"Why Should We Eat Maggi With Lead In It?" Supreme Court To Nestle

The Consumer Affairs Ministry had in 2015 filed a complaint against Nestle India before the NCDRC using a provision for the first time in the nearly three-decade-old Consumer Protection Act.

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'Why Should We Eat Maggi With Lead In It?' Supreme Court To Nestle

Maggi, Nestle India's single-largest revenue earner, was banned in June 2015 for six months.


New Delhi: 

The Supreme Court Thursday revived the government case in National Consumer Disputes Redressal Commission (NCDRC) against Nestle India seeking damages of Rs 640 crore alleging unfair trade practices, false labelling and misleading advertisements.

The top court had on December 16, 2015 stayed the proceedings before the NCDRC and directed the CFTRI (Central Food Technological Research Institute, Mysuru) to place its test report before it.

A bench of Justices D Y Chandrachud and Hemant Gupta was told by senior advocate Abhishek Manu Singhvi, appearing for Nestle India, that tests reports of the Mysuru lab had been submitted and it found that lead content in Maggi noodles was well within the limit.

"Why should we be eating Maggi with lead in it?", Justice Chandrachud asked Mr Singhvi, who replied that there was some amount of lead in various other products.

The bench said the report of CFTRI, where the samples of Maggi noodles were tested following earlier orders of the court, will form the basis for the proceedings before the NCDRC.

"We are of the view that CFTRI report be evaluated by the NCDRC in the complaint before it. It will not be appropriate for this court to pre-empt the jurisdiction of NCDRC... All the rights and contentions of the parties will remain open," the bench said.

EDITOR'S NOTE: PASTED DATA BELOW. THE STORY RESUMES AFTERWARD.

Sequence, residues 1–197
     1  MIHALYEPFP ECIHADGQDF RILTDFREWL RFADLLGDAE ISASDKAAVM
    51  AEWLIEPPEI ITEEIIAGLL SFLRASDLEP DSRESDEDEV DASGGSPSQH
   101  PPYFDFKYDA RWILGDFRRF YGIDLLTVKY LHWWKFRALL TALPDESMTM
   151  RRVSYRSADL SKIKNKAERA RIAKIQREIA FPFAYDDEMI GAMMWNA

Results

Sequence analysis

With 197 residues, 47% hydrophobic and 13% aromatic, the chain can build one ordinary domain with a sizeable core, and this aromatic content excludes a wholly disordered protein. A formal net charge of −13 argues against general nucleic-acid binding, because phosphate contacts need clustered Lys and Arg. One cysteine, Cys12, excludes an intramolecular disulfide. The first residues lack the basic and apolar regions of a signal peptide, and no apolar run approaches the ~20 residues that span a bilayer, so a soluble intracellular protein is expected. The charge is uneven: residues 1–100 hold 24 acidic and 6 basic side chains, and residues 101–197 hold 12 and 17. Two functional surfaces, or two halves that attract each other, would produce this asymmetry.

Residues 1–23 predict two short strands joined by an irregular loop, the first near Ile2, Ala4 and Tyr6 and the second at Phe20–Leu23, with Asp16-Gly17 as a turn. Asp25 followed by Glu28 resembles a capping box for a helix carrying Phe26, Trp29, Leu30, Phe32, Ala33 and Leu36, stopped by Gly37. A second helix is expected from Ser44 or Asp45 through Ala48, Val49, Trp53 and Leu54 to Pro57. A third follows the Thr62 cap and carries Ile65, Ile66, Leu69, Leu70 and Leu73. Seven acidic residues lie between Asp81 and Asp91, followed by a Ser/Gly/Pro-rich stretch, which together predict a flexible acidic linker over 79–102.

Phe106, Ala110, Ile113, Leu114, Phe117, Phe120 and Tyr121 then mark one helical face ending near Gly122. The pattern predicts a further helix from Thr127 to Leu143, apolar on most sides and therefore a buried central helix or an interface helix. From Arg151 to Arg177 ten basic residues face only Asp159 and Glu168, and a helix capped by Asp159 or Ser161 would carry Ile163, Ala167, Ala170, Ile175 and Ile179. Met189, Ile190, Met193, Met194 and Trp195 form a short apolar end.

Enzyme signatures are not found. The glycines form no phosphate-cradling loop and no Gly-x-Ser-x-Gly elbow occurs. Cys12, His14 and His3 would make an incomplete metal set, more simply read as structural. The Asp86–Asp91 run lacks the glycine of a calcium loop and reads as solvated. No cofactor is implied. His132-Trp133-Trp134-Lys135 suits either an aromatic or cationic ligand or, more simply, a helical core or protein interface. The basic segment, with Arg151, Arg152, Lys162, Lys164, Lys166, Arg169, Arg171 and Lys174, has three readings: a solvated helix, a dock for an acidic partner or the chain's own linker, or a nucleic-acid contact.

During the hearing, Additional Solicitor General Vikramjit Banerjee, appearing for Centre said that in the wake of the Mysuru lab report the matter should go back to NCDRC and stay on the proceedings should be vacated.

Mr Singhvi said the matter has now become infructuous as the report is in my favour and presence of MSG (monosodium glutamate) was not found.

He along with senior advocate Arvind Dattar opposed sending the matter back to NCDRC saying nothing remains to be decided after the lab report.

"Why should we usurp the power of NCDRC. We will send the lab reports to the commission and them ask to dispose of the complaint filed before it," the bench said adding that the appeal against the Bombay High Court order which had in 2015 quashed the Food Safety Standards Authority of India (FSSAI) ban order against Nestle's Maggi noodle will be heard at a later stage.

The Consumer Affairs Ministry had in 2015 filed a complaint against Nestle India before the NCDRC using a provision for the first time in the nearly three-decade-old Consumer Protection Act.

It had filed a complaint against Nestle for causing harm to Indian consumers by allegedly indulging in unfair trade practices and false labelling related to the Maggi noodles product.

It was for the first time that the government had taken action under Section 12-1-D of the Consumer Protection Act, under which both the Centre and states have powers to file complaints.

In the petition filed before the NCDRC, the ministry had charged that Nestle India has misled consumers claiming that its Maggi noodle was healthy -- "Taste bhi healthy bhi".

Nestle had to withdraw its instant noodles brand Maggi from the market over allegations of high lead content and presence of MSG.

The food safety regulator FSSAI had banned Maggi noodles after it found excess level of lead in samples, terming it as "unsafe and hazardous" for human consumption.

FSSAI had also said Nestle violated labelling regulations on taste enhancer 'MSG' and ordered the company to submit a compliance report on its orders.



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